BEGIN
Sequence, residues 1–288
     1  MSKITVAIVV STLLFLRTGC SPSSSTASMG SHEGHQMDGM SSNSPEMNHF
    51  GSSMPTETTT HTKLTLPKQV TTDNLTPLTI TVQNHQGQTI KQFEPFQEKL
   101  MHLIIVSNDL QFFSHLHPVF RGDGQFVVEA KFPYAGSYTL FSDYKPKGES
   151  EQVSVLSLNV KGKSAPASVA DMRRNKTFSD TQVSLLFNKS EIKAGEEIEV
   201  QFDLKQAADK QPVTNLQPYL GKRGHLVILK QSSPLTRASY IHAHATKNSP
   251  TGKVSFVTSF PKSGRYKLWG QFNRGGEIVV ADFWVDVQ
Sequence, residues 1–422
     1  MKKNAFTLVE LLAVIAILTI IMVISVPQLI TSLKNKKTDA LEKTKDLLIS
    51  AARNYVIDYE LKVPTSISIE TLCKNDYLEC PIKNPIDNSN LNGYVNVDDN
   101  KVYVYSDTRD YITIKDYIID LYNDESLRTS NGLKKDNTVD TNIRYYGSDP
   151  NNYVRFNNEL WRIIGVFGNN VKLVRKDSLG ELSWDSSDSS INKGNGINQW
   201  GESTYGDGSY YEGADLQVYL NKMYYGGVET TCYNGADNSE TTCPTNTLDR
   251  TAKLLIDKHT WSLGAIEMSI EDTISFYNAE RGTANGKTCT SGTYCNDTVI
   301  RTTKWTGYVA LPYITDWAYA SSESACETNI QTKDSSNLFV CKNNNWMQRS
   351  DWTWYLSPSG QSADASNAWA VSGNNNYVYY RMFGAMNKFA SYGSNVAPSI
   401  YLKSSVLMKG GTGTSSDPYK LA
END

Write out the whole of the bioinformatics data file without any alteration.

Sequence, residues 1–288
     1  MSKITVAIVV STLLFLRTGC SPSSSTASMG SHEGHQMDGM SSNSPEMNHF
    51  GSSMPTETTT HTKLTLPKQV TTDNLTPLTI TVQNHQGQTI KQFEPFQEKL
   101  MHLIIVSNDL QFFSHLHPVF RGDGQFVVEA KFPYAGSYTL FSDYKPKGES
   151  EQVSVLSLNV KGKSAPASVA DMRRNKTFSD TQVSLLFNKS EIKAGEEIEV
   201  QFDLKQAADK QPVTNLQPYL GKRGHLVILK QSSPLTRASY IHAHATKNSP
   251  TGKVSFVTSF PKSGRYKLWG QFNRGGEIVV ADFWVDVQ
Sequence, residues 1–422
     1  MKKNAFTLVE LLAVIAILTI IMVISVPQLI TSLKNKKTDA LEKTKDLLIS
    51  AARNYVIDYE LKVPTSISIE TLCKNDYLEC PIKNPIDNSN LNGYVNVDDN
   101  KVYVYSDTRD YITIKDYIID LYNDESLRTS NGLKKDNTVD TNIRYYGSDP
   151  NNYVRFNNEL WRIIGVFGNN VKLVRKDSLG ELSWDSSDSS INKGNGINQW
   201  GESTYGDGSY YEGADLQVYL NKMYYGGVET TCYNGADNSE TTCPTNTLDR
   251  TAKLLIDKHT WSLGAIEMSI EDTISFYNAE RGTANGKTCT SGTYCNDTVI
   301  RTTKWTGYVA LPYITDWAYA SSESACETNI QTKDSSNLFV CKNNNWMQRS
   351  DWTWYLSPSG QSADASNAWA VSGNNNYVYY RMFGAMNKFA SYGSNVAPSI
   401  YLKSSVLMKG GTGTSSDPYK LA